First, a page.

A study suggests that smokers are more likely to become socially isolated and lonely as they age, compared to non-smokers
Previous research found that people who are isolated and lonely are more likely to smoke, however this most recent study by Imperial College London and UCL, found that smoking itself may also lead to higher levels of isolation and loneliness.
Smoking was also associated with larger reductions in social contact, increases in social disengagement, and increases in loneliness over time.
Further evidence to help people trying to quit smoking?
The research, published in The Lancet Regional Health Europe is the first of its kind. It inspected the correlation between smoking and the development of social isolation and loneliness, finding that over time, people who smoked saw their social contact reduce, and they became less socially engaged and more lonely, in comparison with non-smokers.
Often there are high rates of people who smoke pledging to quit at the start of the new year, this study, authors hope, will provide another incentive for people to follow through with their pledge.
Using data from the English Longitudinal Study of Ageing (ELSA), consisting of a nationally representative sample of 8,780 people aged 50 years and older across England, the participants’ social isolation and loneliness were assessed over 12 years.
The research revealed that current smokers were more likely to be lonely and socially isolated than non-smokers, pertaining less frequent social interactions with family and friends, less frequent engagement with community and cultural activities, and being more likely to live alone.
Study author, Dr Keir Philip, from Imperial’s National Heart & Lung Institute, said: “Our research suggests smoking is bad for aspects of psychological and social health in addition to the well established physical impacts of smoking. Some people think smoking is a social activity, but our study did not support this idea – smokers actually became more socially isolated and lonely than non-smokers over time.
“This research provides yet more reasons why people should aim to stop smoking this new year, and adds justification to increase support for people trying to quit.”
“Our findings contribute to existing knowledge in this area, and suggest the existence of a vicious cycle of smoking, social isolation, and loneliness. This research provides yet more reasons why people should aim to stop smoking this new year, and adds justification to increase support for people trying to quit.”
Same results after factors like age, sex, and socioeconomic status
The authors speculate that the findings may be due to a range of factors, however, the study is observational so cannot determine the cause of this association.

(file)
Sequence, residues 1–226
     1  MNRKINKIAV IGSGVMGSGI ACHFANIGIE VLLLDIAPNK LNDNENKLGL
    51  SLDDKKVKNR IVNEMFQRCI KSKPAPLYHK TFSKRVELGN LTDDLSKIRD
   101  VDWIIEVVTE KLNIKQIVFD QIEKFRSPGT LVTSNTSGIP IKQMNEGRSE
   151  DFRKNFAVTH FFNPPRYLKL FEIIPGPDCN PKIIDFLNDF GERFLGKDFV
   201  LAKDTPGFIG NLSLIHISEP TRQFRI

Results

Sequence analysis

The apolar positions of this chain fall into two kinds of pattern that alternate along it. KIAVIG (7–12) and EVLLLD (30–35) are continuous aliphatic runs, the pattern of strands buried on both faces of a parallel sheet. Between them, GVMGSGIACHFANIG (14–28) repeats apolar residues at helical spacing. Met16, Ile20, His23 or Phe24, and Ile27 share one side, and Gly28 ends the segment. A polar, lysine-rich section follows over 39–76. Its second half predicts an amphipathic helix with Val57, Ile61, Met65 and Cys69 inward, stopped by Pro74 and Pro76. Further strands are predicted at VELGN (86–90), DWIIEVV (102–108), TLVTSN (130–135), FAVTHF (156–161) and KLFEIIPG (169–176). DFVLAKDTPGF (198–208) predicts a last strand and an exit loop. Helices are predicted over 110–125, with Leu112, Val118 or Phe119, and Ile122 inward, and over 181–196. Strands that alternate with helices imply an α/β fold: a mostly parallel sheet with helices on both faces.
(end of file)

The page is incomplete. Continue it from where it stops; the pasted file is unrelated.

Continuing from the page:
For instance, smoking is associated with an increased risk of mental health problems, such as anxiety and depression, which may impact the amount someone socialises. Smokers are additionally at a higher risk of developing breathlessness and other physical health problems, including lung and heart disease, which limit their ability to socialise, and exercise, potentially causing worse mental health.
A sobering fact the researchers also realised is friends of people who smoke are more likely to have smoked themselves, and are consequentially more likely to have died prematurely.
Professor says introduce policies for “smoke-free 2030”
Professor Nick Hopkinson, National Heart & Lung Institute, said: “These findings are another reason for the government to press on with introducing the policies needed to achieve its ambition for a smoke-free 2030.
“Most people already know that smoking is a risk to health. Our results suggest that smokers are also more likely to become socially isolated and lonely as they get older.
“These findings are another reason for the government to press on with introducing the policies needed to achieve its ambition for a smoke-free 2030. These include a ‘polluter pays’ levy on tobacco industry profits and raising the legal age for tobacco sales from 18 to 21 years.
“Stopping smoking can be difficult, but the NHS has a number of excellent resources; to ensure that people get the help they need. These include free and proven tools and advice that help people quit smoking for good.”
The reduced social acceptability of smoking generally could also be considered as a factor, particularly the expansion of smoke free legislation introduced to reduce the harms from smoking.
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